Patients treated with lifitegrast ophthalmic solution 5.0% achieved higher odds of simultaneous improvement in clinical signs and symptoms than placebo-treated patients, according to a study published in JAMA Ophthalmology. This study appears to confirm the drug’s ability to treat moderate to severe dry eye disease (DED).

Researchers conducted a post hoc responder analysis to explore the heterogeneity across different subgroups of DED, and to identify which participants following lifitegrast treatment were most likely to achieve clinically meaningful benefit. The analysis used data from the 12-week phase 3 OPUS-2 and OPUS-3 (clinicaltrials.gov identifier: NCT02284516) studies, which had previously demonstrated the efficacy of lifitegrast in DED. 

The researchers stratified pooled data into 4 subgroups based on severity of interior corneal staining score (ICSS; <1.5 vs >1.5) and eye dryness score (EDS; <60 or >60) at baseline. Data were collected from December 2012 to October 2015, and post hoc analysis was performed from April 2020 to July 2021. Intervention included twice-daily lifitegrast or placebo for 84 days.


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The main outcome measures included the proportion of participants with clinically meaningful improvement in signs and symptoms, and a composite response for a given sign and symptom endpoint pair at day 84. The researchers defined “clinically meaningful improvement” as at least 30% improvement in symptoms and either at least a 1-point improvement in ICSS or at least a 3-point improvement in total corneal staining score (TCSS). The analysis included 1429 total participants, with 716 in the placebo group and 713 in the lifitegrast group.

The study found that responder and composite responder rates favored lifitegrast vs placebo for the overall pooled population. The subgroup with ICSS of greater than 1.5 and EDS of at least 60 at baseline for the composite analysis demonstrated a 1.70- to 2.11-fold higher odds of achieving clinically meaningful improvement with lifitegrast across all sign and symptom end point pairs (P <.001).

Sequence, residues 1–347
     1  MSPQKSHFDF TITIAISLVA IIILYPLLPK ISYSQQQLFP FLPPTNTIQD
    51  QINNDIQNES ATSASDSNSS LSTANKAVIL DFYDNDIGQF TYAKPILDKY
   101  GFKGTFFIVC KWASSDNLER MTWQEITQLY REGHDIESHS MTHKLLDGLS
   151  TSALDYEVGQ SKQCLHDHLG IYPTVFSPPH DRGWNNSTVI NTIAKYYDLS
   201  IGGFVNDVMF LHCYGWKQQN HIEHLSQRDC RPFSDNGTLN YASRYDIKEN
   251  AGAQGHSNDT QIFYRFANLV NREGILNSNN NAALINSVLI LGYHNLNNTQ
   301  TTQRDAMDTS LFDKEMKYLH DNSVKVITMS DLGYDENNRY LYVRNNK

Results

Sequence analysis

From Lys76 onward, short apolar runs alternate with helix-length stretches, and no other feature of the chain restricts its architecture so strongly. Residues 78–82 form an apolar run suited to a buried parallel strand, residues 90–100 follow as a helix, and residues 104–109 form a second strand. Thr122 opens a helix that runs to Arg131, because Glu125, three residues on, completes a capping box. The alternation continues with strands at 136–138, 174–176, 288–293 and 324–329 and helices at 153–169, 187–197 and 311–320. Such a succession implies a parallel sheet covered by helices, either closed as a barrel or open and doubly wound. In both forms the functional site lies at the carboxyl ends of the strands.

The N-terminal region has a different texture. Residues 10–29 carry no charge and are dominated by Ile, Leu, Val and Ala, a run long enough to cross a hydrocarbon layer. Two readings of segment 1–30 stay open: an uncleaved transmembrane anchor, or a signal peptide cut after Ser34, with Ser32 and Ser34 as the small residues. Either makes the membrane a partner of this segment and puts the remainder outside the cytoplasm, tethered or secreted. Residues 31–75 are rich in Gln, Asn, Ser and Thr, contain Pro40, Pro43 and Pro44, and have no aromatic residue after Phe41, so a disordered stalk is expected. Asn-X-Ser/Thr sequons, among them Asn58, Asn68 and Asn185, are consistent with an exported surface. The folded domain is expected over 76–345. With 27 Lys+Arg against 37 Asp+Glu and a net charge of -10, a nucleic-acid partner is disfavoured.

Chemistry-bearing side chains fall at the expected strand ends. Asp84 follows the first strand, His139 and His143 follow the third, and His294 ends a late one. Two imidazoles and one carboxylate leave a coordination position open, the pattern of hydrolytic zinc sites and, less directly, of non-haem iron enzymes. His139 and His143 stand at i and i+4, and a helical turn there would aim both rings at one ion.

The analysis of data of participants from masked clinical trials was a study strength. Additionally, the reduction threshold for symptoms of 30% or greater as a definition of clinically meaningful response is in line with similar studies as well as regulatory agencies.

The post hoc nature of the analyses and lack of efficacy data beyond 3 months are study limitations. Also, all reported P values were not adjusted for multiplicity, and the researchers recommend future evaluation of the role of other baseline factors, such as type of DED, tear breakup time, and tear osmolarity.

Disclosure: Multiple study authors declared affiliations with the biotech, pharmaceutical, and/or device companies. This study was supported by Novartis Pharma AG. Please see the original reference for a full list of authors’ disclosures.  

References

Holland E, Jackson M, Donnenfeld E, et al. Efficacy of lifitegrast ophthalmic solution, 5.0%, in patients with moderate to severe dry eye disease: a post hoc analysis of 2 randomized clinical trials. JAMA Ophthalmol. Published online October 7, 2021. doi:10.1001/jamaophthalmol.2021.3943